We’ve encouraged. We’ve nagged. We’ve cautioned. We’ve pleaded. Now it’s time for a bit of optimism and cheer.

After a 25-year increase, the number of children who are obese or overweight may be leveling off, according to a new report from the federal Centers for Disease Control and Prevention.

Results of the study released Tuesday show that in 2003-04 and 2005-06, nearly 32 percent of American children were overweight but not obese, 16 percent were obese and 11 percent were extremely obese.

While the numbers remain formidable, there is one key point to note: There was no jump in the obesity rate, which has been climbing steadily since 1980.

“That is a first encouraging finding in what has been unremittingly bad news,” Dr. David Ludwig, director of an obesity clinic at Children’s Hospital Boston, said in an Associated Press report. “But it’s too soon to know if this really means we’re beginning to make meaningful inroads into this epidemic. It may simply be a statistical fluke.”

We certainly hope it’s not a glitch.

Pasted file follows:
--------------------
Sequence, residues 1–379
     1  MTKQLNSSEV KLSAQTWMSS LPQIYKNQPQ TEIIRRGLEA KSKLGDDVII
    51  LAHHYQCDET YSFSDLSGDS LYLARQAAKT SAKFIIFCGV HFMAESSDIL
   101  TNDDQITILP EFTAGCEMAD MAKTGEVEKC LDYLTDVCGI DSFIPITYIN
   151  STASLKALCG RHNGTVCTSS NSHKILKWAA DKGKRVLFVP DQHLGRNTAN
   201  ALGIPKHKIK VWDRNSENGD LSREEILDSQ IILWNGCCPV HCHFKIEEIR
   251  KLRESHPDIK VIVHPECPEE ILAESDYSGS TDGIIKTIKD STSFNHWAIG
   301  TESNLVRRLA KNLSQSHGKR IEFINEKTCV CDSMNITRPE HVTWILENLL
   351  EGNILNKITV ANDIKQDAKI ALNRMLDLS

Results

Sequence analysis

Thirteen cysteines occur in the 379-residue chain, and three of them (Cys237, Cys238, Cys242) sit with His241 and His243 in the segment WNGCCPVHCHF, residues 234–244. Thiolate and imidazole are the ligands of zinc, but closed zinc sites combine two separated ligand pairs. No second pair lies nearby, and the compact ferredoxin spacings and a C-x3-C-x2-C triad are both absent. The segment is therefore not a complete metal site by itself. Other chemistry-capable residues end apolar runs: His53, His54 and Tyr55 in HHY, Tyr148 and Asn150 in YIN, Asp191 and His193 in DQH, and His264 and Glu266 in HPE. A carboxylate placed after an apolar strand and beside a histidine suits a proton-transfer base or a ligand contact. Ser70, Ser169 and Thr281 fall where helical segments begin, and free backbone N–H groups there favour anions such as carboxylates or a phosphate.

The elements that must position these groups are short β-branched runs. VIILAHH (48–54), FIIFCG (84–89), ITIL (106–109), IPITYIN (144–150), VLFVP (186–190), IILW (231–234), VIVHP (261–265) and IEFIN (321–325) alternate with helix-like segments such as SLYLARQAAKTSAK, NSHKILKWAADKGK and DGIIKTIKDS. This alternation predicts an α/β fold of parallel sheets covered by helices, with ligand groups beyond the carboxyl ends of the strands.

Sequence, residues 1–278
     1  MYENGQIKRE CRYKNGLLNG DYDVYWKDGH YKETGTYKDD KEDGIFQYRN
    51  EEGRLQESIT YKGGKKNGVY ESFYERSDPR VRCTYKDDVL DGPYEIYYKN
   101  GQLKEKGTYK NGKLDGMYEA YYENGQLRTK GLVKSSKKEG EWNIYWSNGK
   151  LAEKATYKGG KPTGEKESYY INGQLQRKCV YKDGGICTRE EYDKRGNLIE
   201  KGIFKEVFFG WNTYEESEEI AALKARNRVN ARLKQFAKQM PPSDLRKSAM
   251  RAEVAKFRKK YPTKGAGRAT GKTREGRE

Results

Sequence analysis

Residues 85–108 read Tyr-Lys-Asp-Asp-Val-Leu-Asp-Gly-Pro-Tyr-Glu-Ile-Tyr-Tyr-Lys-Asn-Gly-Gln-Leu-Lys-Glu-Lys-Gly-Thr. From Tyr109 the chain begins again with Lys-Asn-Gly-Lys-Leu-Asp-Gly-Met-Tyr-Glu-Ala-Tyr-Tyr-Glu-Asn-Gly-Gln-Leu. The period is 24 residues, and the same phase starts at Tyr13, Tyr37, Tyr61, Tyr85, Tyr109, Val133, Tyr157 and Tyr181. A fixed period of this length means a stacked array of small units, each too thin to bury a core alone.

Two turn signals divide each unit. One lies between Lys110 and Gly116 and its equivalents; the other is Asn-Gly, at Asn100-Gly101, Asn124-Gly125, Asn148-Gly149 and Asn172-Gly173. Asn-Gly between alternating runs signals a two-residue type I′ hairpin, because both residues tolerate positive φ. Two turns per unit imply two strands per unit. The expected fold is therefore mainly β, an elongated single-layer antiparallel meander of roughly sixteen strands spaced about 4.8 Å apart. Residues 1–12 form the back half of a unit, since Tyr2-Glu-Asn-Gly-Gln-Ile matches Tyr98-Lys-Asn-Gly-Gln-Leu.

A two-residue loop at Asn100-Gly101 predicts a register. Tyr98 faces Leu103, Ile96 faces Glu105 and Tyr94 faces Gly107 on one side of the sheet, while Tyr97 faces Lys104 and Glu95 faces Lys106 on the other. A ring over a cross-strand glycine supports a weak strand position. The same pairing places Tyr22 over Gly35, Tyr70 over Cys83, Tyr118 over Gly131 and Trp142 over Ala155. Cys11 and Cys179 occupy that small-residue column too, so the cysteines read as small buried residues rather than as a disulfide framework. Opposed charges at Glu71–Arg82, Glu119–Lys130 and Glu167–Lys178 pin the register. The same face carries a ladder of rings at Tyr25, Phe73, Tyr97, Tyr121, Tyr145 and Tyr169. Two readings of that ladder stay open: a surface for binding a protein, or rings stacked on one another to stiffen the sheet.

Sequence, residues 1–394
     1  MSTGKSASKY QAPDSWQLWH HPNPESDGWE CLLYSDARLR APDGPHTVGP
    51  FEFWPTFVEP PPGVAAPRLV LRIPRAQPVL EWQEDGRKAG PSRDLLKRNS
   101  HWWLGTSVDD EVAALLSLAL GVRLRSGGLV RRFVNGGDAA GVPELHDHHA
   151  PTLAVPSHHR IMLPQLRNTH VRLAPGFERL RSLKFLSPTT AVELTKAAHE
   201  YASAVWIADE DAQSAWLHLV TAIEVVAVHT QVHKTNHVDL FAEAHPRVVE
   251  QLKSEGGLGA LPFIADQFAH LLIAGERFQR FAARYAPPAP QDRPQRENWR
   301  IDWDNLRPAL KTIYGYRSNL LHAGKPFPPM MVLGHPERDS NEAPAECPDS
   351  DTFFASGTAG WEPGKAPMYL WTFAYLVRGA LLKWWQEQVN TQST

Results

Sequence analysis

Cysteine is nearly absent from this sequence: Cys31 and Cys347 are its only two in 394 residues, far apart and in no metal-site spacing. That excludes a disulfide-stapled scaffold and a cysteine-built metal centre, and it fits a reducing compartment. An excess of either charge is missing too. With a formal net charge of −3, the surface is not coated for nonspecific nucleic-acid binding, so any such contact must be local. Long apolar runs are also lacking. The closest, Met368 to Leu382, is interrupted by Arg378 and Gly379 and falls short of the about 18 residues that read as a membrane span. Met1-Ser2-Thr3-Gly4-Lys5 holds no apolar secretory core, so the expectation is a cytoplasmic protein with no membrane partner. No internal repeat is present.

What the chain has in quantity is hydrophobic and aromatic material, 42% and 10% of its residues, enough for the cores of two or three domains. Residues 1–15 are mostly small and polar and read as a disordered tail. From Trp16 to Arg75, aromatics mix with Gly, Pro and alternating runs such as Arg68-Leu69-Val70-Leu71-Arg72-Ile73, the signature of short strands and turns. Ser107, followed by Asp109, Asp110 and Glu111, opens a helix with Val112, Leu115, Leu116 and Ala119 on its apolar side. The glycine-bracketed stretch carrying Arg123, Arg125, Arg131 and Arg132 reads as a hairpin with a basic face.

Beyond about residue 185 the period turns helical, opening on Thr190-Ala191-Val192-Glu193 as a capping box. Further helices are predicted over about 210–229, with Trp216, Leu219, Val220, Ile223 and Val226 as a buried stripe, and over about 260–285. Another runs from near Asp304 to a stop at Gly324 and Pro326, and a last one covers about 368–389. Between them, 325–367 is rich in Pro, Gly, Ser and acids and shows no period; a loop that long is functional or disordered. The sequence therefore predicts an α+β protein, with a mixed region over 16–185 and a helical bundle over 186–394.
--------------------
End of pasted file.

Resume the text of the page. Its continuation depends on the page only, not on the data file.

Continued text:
West Virginia has been significantly impacted by the obesity epidemic, continually ranking as among the top states in the nation for the health problem.

Mountain State children are also afflicted, with 30,000 of the state’s fifth graders screened for a coronary artery risk project from 1999 to 2005 found to be overweight or obese, guidelines for the Institute of Medicine show.

Additionally, previous CDC reports showed 28 percent of low-income children between the age of 2 and 5 are overweight or at risk of becoming overweight, and 29 percent of West Virginia high school students are overweight or are at risk of becoming overweight.

Due to the considerable health risks associated with obesity, we can not take this problem lightly. And — we hope — people are beginning to realize the importance of regular exercise and healthy eating habits.

Because it may take years for obesity-related health problems to become life-threatening, Ludwig believes the problem will continue to escalate. “Without a substantial decline in prevalence, the full impact of the childhood epidemic will continue to mount in coming years,” he said.

While we, too, worry about what the future holds, we believe the new report may show that an emphasis on health and fitness — among families, communities and the government — can pay off in the end.

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